With laser light shows, an estimated budget of $ 18 billion, and long-delayed excitement, Expo 2020 Dubai finally kicks off this week, with pavilions for 191 countries around the world (October 1-March 31, 2022, ceremony opening September 30).
But in an artistic context, his most important legacy might be after the fanfare ended. When the Expo closes at the end of March, it will become District 2020, a large-scale real estate investment in southern Dubai. About 80% of the Expo built will be transformed into residential, commercial and commercial developments. This includes art: works of art commissioned by the Expo will remain permanent sculptures.
“The Expo is building a new community in the district, and I wanted contemporary art, with its concepts, its language and its aesthetics, to be part of public life”, explains Tarek Abou El Fetouh, curator of Expo 2020 . “These works will literally be in the squares and streets. They were designed so that people could touch them, sit on them, and in some cases walk on them.
Abou El Fetouh selected 11 artists for his program: a mix of local artists, including Abdullah Al Saadi and Mohamed Ahmed Ibrahim, both members of the famous “Five” who were among the first conceptual artists of the United Arab Emirates, and names internationals like Haegue Yang, Olafur Eliasson and Yinka Shonibare. These works, all commissioned except one, will be distributed in the three districts and the two parks of the Expo.
Cosmic art for the new district
Many works assume a grandiose and monumental scale that responds to Abu El Fetouh’s mandate to look to the cosmos to rethink the identity of the world. Yang creates stainless steel balls, flowing to the ground, in an approximation of planetary bodies; Palestinian artist Khalil Rabah recreates a way to measure latitude in three enormous geometric shapes. A selection of emerging artists has also been put together by curators Munira Al Sayegh and Mohammed Al Olama.
The works were created with their future role in District 2020 in mind. The marble sculpture by Dubai-based Shaikha Al Mazrou, Pedestal, will operate in a similar fashion to London’s Fourth Plinth in Trafalgar Square, welcoming future artist commissions via an open call that will be judged by herself and Abou El Fetouh. A manifesto written collectively with local artists and curators sets the parameters (“No horses!”, She says), and she sees the work continuing a dialogue with the ideas of Expo after it becomes District 2020. .
“Expo presents a global world in one city,” she says. “It’s a feat of staging and storytelling, and I wanted the idea of presentation to appear in the work. “
The Expo’s idea of globalism has special significance in Dubai, where around 85% of residents come from elsewhere or grew up in the UAE as non-Emirati passport holders. by Shonibare Wind Sculpture III—A patterned steel fabric that seems to stop in midair — emphasizes the multi-layered construction of national identities. The pattern on the fabric is associated with African cultures, but it originates from Indonesia and has been resold to the African public, following trade routes and migration patterns that cross the Arabian Sea.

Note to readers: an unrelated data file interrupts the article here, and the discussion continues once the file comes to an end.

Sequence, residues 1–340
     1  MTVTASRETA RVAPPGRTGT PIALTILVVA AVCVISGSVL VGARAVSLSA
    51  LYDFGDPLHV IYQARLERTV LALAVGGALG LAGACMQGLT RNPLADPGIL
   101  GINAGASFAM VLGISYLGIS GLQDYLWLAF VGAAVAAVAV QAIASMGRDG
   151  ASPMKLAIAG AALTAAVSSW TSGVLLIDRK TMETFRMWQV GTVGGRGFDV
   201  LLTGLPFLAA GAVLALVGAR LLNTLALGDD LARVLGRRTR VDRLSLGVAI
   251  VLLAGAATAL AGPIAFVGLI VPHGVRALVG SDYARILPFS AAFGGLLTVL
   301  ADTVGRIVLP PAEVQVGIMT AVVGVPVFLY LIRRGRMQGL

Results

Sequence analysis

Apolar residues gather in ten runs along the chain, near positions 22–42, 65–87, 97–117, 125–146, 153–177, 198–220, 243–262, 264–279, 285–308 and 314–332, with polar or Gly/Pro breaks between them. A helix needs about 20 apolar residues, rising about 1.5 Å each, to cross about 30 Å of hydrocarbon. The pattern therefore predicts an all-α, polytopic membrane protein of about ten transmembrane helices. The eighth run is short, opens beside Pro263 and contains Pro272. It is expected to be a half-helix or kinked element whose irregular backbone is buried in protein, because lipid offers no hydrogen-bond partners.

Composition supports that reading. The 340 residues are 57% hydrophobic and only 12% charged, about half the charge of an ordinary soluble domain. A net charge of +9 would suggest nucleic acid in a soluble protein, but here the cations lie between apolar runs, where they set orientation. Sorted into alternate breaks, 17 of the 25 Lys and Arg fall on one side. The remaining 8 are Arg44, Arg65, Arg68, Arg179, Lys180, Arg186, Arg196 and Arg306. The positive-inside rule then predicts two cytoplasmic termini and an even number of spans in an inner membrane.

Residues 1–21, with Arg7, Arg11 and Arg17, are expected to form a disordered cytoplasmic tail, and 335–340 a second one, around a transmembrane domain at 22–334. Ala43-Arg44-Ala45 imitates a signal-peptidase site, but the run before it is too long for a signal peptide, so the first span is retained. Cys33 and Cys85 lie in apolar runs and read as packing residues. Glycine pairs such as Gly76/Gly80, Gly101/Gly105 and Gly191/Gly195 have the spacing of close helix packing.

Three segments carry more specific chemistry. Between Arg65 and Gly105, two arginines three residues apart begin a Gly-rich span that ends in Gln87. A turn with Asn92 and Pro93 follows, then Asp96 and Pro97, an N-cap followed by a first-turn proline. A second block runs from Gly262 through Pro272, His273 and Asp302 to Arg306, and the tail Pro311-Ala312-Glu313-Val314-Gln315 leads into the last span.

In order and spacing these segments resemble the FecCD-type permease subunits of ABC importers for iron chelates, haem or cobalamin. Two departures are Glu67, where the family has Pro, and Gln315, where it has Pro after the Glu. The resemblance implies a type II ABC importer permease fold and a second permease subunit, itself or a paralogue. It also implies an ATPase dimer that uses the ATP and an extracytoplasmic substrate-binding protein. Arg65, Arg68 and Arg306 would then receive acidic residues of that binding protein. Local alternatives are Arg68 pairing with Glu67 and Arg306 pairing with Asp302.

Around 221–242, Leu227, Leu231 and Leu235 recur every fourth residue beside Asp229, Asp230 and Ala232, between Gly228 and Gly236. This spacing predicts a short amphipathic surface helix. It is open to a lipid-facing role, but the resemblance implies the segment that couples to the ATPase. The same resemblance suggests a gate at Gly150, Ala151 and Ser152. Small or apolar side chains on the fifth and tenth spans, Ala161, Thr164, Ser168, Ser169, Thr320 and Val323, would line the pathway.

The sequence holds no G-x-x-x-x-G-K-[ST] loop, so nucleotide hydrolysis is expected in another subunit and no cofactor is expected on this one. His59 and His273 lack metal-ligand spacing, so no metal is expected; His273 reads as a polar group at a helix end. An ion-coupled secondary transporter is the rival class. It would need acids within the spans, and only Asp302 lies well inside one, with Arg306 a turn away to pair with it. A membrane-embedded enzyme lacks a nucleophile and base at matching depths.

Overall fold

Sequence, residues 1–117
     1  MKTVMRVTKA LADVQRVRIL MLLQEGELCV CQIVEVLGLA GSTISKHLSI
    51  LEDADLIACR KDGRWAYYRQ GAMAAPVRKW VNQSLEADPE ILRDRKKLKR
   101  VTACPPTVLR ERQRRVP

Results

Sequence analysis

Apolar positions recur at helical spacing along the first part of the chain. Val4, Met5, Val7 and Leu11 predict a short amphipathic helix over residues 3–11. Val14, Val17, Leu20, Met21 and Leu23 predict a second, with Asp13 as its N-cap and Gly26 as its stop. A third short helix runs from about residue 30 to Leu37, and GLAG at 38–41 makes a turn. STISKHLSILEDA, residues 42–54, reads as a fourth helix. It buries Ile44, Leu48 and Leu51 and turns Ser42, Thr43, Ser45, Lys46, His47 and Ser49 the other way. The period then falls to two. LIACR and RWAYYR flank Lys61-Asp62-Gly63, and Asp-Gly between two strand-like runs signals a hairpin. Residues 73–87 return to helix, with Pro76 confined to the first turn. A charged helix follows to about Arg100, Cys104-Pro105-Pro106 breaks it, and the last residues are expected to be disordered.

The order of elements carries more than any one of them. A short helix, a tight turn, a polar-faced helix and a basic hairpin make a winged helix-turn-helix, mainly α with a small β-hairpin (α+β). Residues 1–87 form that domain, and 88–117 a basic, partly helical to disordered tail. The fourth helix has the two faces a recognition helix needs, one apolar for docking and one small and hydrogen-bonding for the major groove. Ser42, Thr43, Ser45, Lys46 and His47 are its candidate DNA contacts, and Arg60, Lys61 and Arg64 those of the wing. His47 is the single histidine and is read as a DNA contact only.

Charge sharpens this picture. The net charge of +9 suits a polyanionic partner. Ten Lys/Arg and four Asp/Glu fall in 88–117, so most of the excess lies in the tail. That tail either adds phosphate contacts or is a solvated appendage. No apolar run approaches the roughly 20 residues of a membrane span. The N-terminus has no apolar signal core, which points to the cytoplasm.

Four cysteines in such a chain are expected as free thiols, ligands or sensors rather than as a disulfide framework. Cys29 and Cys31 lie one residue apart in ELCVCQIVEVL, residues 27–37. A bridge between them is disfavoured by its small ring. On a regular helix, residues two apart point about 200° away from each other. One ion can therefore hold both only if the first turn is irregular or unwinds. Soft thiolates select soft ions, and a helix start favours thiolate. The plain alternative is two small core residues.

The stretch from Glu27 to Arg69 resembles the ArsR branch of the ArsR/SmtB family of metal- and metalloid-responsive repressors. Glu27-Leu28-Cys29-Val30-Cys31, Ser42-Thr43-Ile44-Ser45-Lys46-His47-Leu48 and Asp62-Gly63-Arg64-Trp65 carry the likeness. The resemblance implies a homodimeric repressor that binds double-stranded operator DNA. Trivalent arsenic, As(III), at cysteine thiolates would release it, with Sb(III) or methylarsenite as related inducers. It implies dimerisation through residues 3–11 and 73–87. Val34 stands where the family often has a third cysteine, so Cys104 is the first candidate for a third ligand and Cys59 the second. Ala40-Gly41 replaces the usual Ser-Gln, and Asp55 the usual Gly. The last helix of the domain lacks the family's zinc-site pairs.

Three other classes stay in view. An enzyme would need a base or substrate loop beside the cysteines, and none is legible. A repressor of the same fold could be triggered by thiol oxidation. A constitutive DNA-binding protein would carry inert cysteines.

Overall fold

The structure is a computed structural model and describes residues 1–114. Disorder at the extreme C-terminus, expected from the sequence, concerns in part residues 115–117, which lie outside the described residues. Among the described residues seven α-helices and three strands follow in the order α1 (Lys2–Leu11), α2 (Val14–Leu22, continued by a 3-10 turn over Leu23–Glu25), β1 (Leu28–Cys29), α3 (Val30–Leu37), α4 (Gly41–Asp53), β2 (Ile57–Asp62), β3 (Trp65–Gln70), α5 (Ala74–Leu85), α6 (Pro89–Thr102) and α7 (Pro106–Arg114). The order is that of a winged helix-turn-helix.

“Most of us move around the world,” says Shonibare. “If you fly, it’s windy, and if you come by boat, it’s windy. These sculptures are a metaphor for the natural movement of people: migration. “
Although its emphasis is on economic development, the Expo also includes cultural programming by national pavilions and other local actors. The Alserkal arts and culture district has launched a series of climate and sustainability conferences called Cultures in Conversation, in partnership with Expo. This is one of the first public projects of Alserkal Advisory, the recently launched consultancy arm of Alserkal.
The decision to integrate the Expo artistic program into the future District 2020 demonstrates how culture is integrated into urban planning in the Gulf, especially in new designs for pedestrian areas. In Saudi Arabia, where investments in culture occur on a large scale, mixed-use development is often integrated into the planning of new biennials and museums. New “cultural quarters” are said to be in preparation in the Ad Diriyah area, which will house the Riyadh Biennale and numerous museums. These will undoubtedly benefit from their proximity to art offerings, adding an upscale sparkle to the areas and, the developers hope, attracting expat (and local) residents who might otherwise complain that there is no culture in the Saudi capital.
For Abou El Fetouh, the opportunity to commission public works of art on such a scale was exceptional, he says. He has long thought creatively about how to bring art into the public sphere, in his former role as curator of Abu Dhabi Art’s public art program, Durub Al Tawaya, and elsewhere. He is currently part of the working group for the next Sharjah Biennale.
“Public art is not only lacking in the [Middle Eastern] region but everywhere, ”he says. “When you see the visual language of Shaikha Al Mazrou next to Haegue Yang, something is going to happen. And we don’t know what will happen in the future. Will people give other titles to the works of art? “Use them differently” They are going to belong to the people.